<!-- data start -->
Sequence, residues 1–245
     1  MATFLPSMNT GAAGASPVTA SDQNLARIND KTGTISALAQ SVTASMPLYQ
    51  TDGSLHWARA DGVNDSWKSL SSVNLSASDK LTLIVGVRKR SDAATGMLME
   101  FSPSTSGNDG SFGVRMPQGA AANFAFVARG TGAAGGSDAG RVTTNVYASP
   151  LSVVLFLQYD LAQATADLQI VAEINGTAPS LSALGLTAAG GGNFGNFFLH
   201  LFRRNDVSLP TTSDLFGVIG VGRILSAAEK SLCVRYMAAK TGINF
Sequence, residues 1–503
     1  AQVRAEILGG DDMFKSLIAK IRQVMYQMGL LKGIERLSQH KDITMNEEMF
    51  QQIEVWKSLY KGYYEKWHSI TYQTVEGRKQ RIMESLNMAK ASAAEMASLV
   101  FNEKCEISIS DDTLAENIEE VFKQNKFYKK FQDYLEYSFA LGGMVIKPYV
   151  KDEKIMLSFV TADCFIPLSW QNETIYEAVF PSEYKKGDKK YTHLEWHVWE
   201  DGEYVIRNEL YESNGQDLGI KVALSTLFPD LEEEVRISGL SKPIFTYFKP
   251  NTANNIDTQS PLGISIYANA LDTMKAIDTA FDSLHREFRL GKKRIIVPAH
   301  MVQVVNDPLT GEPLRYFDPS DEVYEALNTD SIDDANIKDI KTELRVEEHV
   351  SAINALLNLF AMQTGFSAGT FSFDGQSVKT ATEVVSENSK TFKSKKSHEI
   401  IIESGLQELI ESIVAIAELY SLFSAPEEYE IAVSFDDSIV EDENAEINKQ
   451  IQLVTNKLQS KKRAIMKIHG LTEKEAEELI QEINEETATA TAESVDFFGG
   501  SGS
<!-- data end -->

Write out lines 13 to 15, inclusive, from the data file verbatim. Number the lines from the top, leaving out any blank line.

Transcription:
   251  NTANNIDTQS PLGISIYANA LDTMKAIDTA FDSLHREFRL GKKRIIVPAH
   301  MVQVVNDPLT GEPLRYFDPS DEVYEALNTD SIDDANIKDI KTELRVEEHV
   351  SAINALLNLF AMQTGFSAGT FSFDGQSVKT ATEVVSENSK TFKSKKSHEI